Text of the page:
Foreign language films are usually willing to take an unfamiliar approach to subjects that aren’t always easy to tackle in real life. It’s one of the things that I’ve always appreciated when talking about films from outside of America even when they’re not fantastic. A movie like Non-Fiction proved to be no different as it mostly tackles infidelity in a way that’s tempered, mature and seemingly honest.
As seen in this movie hailing from France, infidelity and even just various sexual affairs can be both complicated and simple at the same time. They can also make for titillating stories that can make money. That’s where a writer (Vincent Macaigne) finds himself as he takes his own flings and turns them into works of fiction. This has worked in the past for him, but his latest novel risks revealing the affair he’s having with the wife (Juliette Binoche) of his long-time editor.
It took me about 15 minutes to settle into Non-Fiction. That’s mainly due to there being so much dialogue in the earliest stages. This isn’t always an issue, but in this instance since this also meant there would be plenty of subtitles to keep up with due to it obviously being in French. I enjoy watching foreign language films, but it gets a bit hard here because the dialogue is constant, quick and almost non-stop during this period.
It gets to the point where you may have a difficult time actually looking at the characters since you’ll be so busy reading what’s being said. When this is happening, there are very few moments where you’re able to take in anything visually as the characters deliver long lines of dialogue and never hesitate to jump right in for their chance to talk immediately after another character finishes up. There’s almost no time in between as they hurry on to the next lines of dialogue.
This happens after the first 15 minutes as well, but it’s not as frequent as the heavy use of verbiage manages to calm down a bit allowing us to just watch what’s being shown to us on-screen more often. It was an odd way to start a movie, but I’m ultimately glad I was able to get through these scenes. Once you make it through, you’ll be able to see that you’re being given a solid movie with quality acting.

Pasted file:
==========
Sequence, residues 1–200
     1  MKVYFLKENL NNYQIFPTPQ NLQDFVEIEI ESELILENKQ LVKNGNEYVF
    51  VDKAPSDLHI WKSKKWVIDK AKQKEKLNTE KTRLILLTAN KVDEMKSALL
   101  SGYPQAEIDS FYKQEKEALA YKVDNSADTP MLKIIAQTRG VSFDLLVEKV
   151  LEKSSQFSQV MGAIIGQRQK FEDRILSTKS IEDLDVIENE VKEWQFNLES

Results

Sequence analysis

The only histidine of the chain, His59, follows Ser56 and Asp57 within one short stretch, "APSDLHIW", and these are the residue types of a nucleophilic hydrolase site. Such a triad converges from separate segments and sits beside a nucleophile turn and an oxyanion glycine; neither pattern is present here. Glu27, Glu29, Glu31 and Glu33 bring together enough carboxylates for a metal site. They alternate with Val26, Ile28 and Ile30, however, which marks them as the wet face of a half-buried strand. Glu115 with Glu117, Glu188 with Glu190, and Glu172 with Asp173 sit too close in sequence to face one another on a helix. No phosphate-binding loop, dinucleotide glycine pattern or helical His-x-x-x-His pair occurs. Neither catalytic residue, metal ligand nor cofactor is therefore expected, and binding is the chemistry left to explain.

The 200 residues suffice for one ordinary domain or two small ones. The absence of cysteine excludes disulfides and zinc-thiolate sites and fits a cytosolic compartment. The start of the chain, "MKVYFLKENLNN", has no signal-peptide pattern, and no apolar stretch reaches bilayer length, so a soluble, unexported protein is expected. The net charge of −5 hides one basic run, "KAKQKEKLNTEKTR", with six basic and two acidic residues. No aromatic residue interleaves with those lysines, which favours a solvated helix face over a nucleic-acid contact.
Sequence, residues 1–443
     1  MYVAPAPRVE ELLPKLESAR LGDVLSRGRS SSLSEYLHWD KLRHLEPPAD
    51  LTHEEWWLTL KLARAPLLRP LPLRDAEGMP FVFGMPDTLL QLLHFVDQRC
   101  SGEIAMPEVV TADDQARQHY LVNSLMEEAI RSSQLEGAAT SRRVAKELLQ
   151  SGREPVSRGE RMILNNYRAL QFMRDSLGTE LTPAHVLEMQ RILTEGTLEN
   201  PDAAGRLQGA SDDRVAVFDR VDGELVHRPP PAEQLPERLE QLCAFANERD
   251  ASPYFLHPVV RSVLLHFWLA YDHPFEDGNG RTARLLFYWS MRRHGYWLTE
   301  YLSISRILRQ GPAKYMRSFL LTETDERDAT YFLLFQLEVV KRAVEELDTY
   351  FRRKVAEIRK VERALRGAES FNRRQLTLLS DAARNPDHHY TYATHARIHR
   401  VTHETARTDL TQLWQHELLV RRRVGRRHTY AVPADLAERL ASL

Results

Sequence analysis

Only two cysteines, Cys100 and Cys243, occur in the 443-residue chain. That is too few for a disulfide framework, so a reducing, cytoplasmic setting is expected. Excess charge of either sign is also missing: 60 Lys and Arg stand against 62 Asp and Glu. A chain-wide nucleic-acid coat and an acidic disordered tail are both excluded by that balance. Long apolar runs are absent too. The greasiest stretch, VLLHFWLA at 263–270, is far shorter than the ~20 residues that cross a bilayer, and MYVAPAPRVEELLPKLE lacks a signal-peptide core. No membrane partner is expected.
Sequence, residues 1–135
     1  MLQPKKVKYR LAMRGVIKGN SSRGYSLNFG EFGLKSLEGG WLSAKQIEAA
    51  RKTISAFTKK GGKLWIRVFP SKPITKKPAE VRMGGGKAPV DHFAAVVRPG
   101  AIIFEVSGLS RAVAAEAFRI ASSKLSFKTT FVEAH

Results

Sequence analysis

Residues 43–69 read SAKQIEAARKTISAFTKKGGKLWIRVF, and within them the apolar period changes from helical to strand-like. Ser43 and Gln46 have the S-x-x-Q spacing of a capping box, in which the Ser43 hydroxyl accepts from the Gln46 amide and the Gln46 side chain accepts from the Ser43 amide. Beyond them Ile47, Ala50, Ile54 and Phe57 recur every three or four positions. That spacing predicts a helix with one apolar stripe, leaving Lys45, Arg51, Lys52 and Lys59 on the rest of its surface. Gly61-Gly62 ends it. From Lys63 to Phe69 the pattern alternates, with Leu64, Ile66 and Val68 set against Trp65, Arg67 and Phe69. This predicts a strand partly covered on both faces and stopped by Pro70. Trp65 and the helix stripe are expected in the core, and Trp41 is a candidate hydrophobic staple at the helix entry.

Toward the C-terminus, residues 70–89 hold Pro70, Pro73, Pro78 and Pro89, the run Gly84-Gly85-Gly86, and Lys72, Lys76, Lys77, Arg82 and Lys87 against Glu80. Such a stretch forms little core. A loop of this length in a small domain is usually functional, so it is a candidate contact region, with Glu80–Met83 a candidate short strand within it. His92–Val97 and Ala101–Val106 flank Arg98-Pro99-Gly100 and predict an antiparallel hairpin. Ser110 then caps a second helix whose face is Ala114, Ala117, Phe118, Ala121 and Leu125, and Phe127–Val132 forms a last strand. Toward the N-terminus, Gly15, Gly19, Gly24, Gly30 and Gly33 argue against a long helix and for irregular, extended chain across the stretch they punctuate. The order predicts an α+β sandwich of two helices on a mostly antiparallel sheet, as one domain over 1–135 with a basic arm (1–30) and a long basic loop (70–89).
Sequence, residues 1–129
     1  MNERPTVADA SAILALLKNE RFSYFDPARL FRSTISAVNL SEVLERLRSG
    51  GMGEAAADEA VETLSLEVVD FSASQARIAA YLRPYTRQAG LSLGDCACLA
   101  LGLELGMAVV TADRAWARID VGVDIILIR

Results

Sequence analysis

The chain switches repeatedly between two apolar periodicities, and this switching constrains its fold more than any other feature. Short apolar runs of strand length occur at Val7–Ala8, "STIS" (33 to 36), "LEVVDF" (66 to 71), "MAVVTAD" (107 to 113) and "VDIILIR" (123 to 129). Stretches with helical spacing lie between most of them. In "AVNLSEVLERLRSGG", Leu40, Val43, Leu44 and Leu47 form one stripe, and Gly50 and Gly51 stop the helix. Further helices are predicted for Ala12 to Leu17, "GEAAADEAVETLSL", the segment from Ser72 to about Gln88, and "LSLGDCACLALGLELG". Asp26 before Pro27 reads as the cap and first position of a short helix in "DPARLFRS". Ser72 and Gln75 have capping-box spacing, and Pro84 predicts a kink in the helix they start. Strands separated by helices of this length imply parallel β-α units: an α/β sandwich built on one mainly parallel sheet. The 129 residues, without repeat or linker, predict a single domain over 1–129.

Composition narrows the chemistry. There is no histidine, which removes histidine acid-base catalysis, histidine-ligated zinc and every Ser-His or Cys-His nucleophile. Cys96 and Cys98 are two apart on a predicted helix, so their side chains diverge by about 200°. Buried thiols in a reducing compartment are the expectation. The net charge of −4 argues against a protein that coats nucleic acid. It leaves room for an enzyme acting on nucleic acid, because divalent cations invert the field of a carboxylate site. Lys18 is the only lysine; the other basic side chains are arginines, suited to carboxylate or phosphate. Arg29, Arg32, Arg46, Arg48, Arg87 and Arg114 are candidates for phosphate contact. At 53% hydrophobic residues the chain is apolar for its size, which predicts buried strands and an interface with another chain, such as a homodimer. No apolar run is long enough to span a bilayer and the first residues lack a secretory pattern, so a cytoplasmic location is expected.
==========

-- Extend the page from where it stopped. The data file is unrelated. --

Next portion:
Non-Fiction touches on a few different subjects, but the main one, of course, is infidelity. The way they handle this is quite unique compared to what we usually get in the U.S. Because we’re watching characters “in the moment,” we get more of a judgment-free reaction to much of what’s going on. It doesn’t feel as if we’re spying on them or that they’re always sneaking around. We’re essentially watching these people during private moments.
This makes it easy for viewers to look at what’s going on as we also wonder how it could all come to a conclusion. It also gives us the opportunity to analyze the relationships that exist as we see these characters behaving like humans. This is why I see this as being a mature feature about what could be perceived as a “touchy” subject. Unlike American movies about stuff like this, Non-Fiction isn’t trying to teach us anything or tell us how we should feel.
As a result, nothing here is really ever sensationalized or too emotional. A harsher approach could have been used throughout the movie, but it may have taken away from the overall style and tone of the film. Because of the way it’s directed, everything moves at a measured pace. This allows it to be comedic to some extent while also not making the movie an overall indictment on the characters.
As far as the story, I would have preferred it if they had gone a little deeper. I think there was still a way to keep the style they have while also getting into some of the more sensitive details. Either way, I finished this feeling that it was a fine movie all around. It struggles a bit at the start due to the non-stop dialogue, but Non-Fiction ends up being the type of good little flick that mature audiences will end up liking.
Director: Olivier Assayas
Film Length: 107 minutes
Release Date: May 17th, 2019
Distributor: Sundance Selects (U.S.)
- Score - 7/107/10